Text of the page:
RACONTEUR.NET 03 /future-infrastructure-2018 S ixty metres below London, engineers are building a £4.2-billion, 15-mile super sewer, designed to prevent overf lows of sewage from spilling into the River Thames. The pro- ject is one of hundreds of schemes, from broadband to high-speed rail and power stations, aimed at renewing the UK's creaking infrastructure. The Thames Tideway Tunnel is controversial, not least because it is a test case for how private finance is used. The company is owned by a consortium of infra - structure funds, using money from pension schemes and other long- term investments, to keep it off the balance sheets of both Thames Water and the government, even though it is being paid for through higher consumer bills. The government plans more than £460 billion of infrastruc - ture investments over the next few years, with almost half financed by the private sector. That is ambi- tious, especially as the political climate has led to greater ques- tioning of the value of private sec- tor involvement in public services. The UK pioneered privatisation and outsourcing 30 years ago. Now, how- ever, the Labour opposition wants to renationalise energy, rail and water companies, halt the use of private finance initiative (PFI) contracts and bring some existing schemes back in-house. The collapse of Carillion, the construction company undone in part by overruns on PFI projects, has added an extra twist. Even the Conservative govern - ment, which supports private finance, is sensitive to concern about excessive profits. It pro- poses, for example, a cap to end "rip-off " energy prices. So far, political risk appears not to have significantly harmed infra- structure investors' willingness to invest if projects are structured attractively. The UK has prided itself on being open to the world. Foreign direct investment has brought benefits including capi- tal, jobs, ideas, talent and leader- ship. But on top of Brexit, this adds another element of uncertainty. Few doubt the UK needs to upgrade infrastructure. It has spent less on this than other devel- oped countries over the past three decades, according to the Organi- sation for Economic Co-operation and Development. The result is overcrowded trains, congested roads and choked airports. "We're on a positive trend, but we have got a long way to go," says Richard Threlfall, global head of infrastructure at KPMG, the pro- fessional services firm. "We have an inheritance of roads and sewage systems and power systems, many of which date back to the middle of the last century and require signif- icant amounts of investment." The UK spent 2.2 per cent of gross domestic product (GDP) annually on infrastructure between 2008 and 2013, according to McKinsey Global Institute, below Japan, Can- ada, Italy and the United States, but slightly ahead of France and Ger- many. McKinsey reckons the UK needs to spend an extra 0.4 per cent of GDP a year between 2016 and 2030 to meet its needs. The government is raising its capital spending, but also needs private finance. Alongside state projects such as London's Crossrail and the High Speed 2 (HS2) north- south rail link, the private sector is expected to finance schemes such as fibre broadband, wind farms and subsea power cables. Much of the planned invest - ment is by companies in regulated industries including energy and telecoms. Also, more than half of water assets, all the major airports, most ports and all passenger rail rolling stock sit within specialist infrastructure investor vehicles, according to PwC. The government's PFI scheme, once used extensively to build schools and hospitals, now accounts for only a small number of new projects. "Personally, I think the govern - ment will struggle to raise the capi- tal, either public or private, to meet its objective," says Gershon Cohen, global head of infrastructure funds at Aberdeen Standard Investments, one of the largest managers of pen- sion fund capital invested in pub- lic-private partnerships. He cites consumer resistance to higher user charges and taxes. Investors need political and fis- cal stability and the rule of law, Mr Cohen adds. "Right now, I don't think the UK is in a very good place, the main barriers being a lack of political and economic confidence." Nick Davies, associate director of the Institute for Government, says the UK needs a more integrated approach. "To realise the full, transformational potential of HS2, you have got to think about the new stations, the housing to be built around those, and hospitals and schools. We have never had that." He is optimistic, however, about the National Infrastructure Com - mission, created by the government to recommend long-term priorities that can command cross-party sup- port. It is due to publish its assess- ment of what the UK needs for the next 30 years in the summer. Infrastructure investors are mostly pension funds, life insur- ers, sovereign wealth funds and other funds acting on behalf of them, looking for long-term investments that provide a steady income stream. "Private sector investment adds capacity because the government's balance sheet is constrained, but it also brings private sector skills," says Andy Rose, chief executive of the Global Infrastructure Inves - tor Association. "You tend to have more consistent investment throughout the cycle." What investors need from gov- ernment, Mr Rose says, is clar- ity on priorities and the models of procurement it will support. He adds that the private sector needs to show evidence of how well assets have performed. KPMG's Mr Threlfall says the main benefit of private capi- tal is "the multiplier effect" on our ability to invest in this coun- try's future. "We know that public finances are tight," he says. "If we remain constrained, the country will be much the poorer for it 30, 40 or 50 years out." Investing in the fabric of the UK's future FUTURE OF INFRASTRUCTURE @raconteur /raconteur.net @raconteur_london Political division over how to finance badly needed new infrastructure in the UK should not get in the way of progress TIM COOPER Award-winning freelance financial journalist, he writes regularly for publications including The Spectator, London Evening Standard, Guardian Weekly and Weekly Telegraph. NICK EASEN Award-winning freelance journalist and broadcaster, he produces for BBC World News and writes on business, economics, science, technolog y and travel. OLIVIA GAGAN Senior reporter at IJGlobal, she writes for Euromoney Institutional Investor, and was formerly with Drapers and Infrastructure Journal. FELICIA JACKSON Editor at large of Cleantech magazine and author of Conquering Carbon, she specialises in the low-carbon economy. JIM McCLELLAND Sustainable futurist, his specialisms include built environment, corporate social responsibility and ecosystem services. CHARLES ORTON-JONES Award-winning journalist, he was editor-at-large of LondonlovesBusiness.com and editor of EuroBusiness. BURHAN WAZIR Award-winning journalist and editor, he has worked at The Observer, The Times and Al Jazeera. BRIAN GROOM Freelance journalist, he has held senior positions at the Financial Times, including UK business and employment editor, political editor and Europe edition editor, and was Scotland on Sunday editor. Distributed in BRIAN GROOM Publishing manager Flavia Brown Digital content executive Elise Ngobi Head of production Justyna O'Connell Design Samuele Motta Grant Chapman Kellie Jerrard Head of design Tim Whitlock Production editor Benjamin Chiou Managing editor Peter Archer Published in association with CONTRIBUTORS Ken Jack - Corbis/Getty Images POLICY £460 billion 0.4% 2.2% of GDP spent annually on infrastructure in the UK between 2008 and 2013 of planned UK infrastructure investment in the pipeline extra GDP needs to be spent between 2016 and 2030 to meet the UK's infrastructure needs Infrastructure and Projects Authority/McKinsey Although this publication is funded through advertising and sponsorship, all editorial is without bias and sponsored features are clearly labelled. For an upcoming schedule, partnership inquiries or feedback, please call +44 (0)20 3877 3800 or email info@raconteur.net Raconteur is a leading publisher of special-interest content and research. Its publications and articles cover a wide range of topics, including business, finance, sustainability, healthcare, lifestyle and technology. Raconteur special reports are published exclusively in The Times and The Sunday Times as well as online at raconteur.net The information contained in this publication has been obtained from sources the Proprietors believe to be correct. However, no legal liability can be accepted for any errors. No part of this publication may be reproduced without the prior consent of the Publisher. © Raconteur Media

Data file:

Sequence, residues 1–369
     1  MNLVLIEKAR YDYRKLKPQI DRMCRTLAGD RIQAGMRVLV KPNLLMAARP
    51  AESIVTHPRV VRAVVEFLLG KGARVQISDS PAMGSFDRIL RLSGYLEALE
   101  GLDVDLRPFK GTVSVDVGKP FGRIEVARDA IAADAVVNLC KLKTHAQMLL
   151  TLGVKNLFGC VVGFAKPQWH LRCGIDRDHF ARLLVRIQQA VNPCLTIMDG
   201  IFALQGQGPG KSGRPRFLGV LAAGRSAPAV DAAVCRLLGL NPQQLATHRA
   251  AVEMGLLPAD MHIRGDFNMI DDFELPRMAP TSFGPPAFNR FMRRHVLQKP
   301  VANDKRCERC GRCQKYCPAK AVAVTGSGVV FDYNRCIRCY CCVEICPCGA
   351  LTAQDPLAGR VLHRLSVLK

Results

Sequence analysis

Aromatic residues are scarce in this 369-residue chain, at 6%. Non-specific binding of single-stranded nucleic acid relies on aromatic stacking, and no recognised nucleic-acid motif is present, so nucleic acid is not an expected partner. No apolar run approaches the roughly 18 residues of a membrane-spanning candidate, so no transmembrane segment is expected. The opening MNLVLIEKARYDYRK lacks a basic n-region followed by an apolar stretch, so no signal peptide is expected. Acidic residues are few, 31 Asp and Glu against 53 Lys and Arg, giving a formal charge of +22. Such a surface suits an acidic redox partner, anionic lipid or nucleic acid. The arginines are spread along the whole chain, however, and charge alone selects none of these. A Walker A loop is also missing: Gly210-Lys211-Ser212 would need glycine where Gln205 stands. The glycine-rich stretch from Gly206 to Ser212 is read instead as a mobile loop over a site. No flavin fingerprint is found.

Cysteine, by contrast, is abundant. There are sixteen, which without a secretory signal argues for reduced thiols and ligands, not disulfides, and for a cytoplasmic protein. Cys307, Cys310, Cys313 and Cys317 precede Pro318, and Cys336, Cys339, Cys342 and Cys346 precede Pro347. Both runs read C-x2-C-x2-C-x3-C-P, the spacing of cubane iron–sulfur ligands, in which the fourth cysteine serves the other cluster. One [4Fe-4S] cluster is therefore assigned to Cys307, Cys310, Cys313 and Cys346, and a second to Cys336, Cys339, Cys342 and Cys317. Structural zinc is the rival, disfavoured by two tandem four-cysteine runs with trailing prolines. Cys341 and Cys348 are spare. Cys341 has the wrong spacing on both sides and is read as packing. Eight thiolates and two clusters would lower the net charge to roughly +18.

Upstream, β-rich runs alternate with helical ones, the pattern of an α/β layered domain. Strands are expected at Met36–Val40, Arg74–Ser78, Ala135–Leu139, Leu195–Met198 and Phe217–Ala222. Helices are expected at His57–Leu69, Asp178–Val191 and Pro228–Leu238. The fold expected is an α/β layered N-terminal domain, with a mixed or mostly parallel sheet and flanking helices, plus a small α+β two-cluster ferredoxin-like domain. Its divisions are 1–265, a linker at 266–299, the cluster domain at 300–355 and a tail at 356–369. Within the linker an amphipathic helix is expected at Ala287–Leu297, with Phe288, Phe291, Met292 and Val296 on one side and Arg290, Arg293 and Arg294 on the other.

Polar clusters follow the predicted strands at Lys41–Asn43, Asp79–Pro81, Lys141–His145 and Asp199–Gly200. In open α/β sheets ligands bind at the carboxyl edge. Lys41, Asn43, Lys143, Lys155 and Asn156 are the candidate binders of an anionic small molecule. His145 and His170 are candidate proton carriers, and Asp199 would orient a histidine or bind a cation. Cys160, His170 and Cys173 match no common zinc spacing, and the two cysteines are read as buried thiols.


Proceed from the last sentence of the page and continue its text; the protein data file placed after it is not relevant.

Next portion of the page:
Articles in this issue

Links on this page

Archives of this issue

view archives of Raconteur - Future of Infrastructure special report 2018